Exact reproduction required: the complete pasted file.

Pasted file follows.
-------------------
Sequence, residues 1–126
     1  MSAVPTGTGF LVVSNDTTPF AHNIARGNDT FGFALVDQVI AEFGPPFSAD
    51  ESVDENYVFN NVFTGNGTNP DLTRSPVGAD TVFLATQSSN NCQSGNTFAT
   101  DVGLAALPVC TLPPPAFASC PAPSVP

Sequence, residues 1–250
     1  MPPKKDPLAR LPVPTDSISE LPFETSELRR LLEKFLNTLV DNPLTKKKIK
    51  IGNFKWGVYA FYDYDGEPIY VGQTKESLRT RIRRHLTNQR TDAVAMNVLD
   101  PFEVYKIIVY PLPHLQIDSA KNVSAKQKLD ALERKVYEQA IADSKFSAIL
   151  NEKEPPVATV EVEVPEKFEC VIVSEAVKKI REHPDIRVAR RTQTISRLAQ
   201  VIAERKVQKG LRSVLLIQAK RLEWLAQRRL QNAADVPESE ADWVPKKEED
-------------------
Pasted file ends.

Sequence, residues 1–126
     1  MSAVPTGTGF LVVSNDTTPF AHNIARGNDT FGFALVDQVI AEFGPPFSAD
    51  ESVDENYVFN NVFTGNGTNP DLTRSPVGAD TVFLATQSSN NCQSGNTFAT
   101  DVGLAALPVC TLPPPAFASC PAPSVP

Sequence, residues 1–250
     1  MPPKKDPLAR LPVPTDSISE LPFETSELRR LLEKFLNTLV DNPLTKKKIK
    51  IGNFKWGVYA FYDYDGEPIY VGQTKESLRT RIRRHLTNQR TDAVAMNVLD
   101  PFEVYKIIVY PLPHLQIDSA KNVSAKQKLD ALERKVYEQA IADSKFSAIL
   151  NEKEPPVATV EVEVPEKFEC VIVSEAVKKI REHPDIRVAR RTQTISRLAQ
   201  VIAERKVQKG LRSVLLIQAK RLEWLAQRRL QNAADVPESE ADWVPKKEED